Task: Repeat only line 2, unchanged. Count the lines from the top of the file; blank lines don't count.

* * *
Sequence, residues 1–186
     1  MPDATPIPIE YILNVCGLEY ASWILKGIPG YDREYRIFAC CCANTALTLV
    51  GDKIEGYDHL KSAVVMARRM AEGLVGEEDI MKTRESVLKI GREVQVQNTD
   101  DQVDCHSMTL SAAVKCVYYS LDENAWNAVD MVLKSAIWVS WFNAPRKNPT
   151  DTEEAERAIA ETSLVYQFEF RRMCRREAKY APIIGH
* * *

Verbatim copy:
     1  MPDATPIPIE YILNVCGLEY ASWILKGIPG YDREYRIFAC CCANTALTLV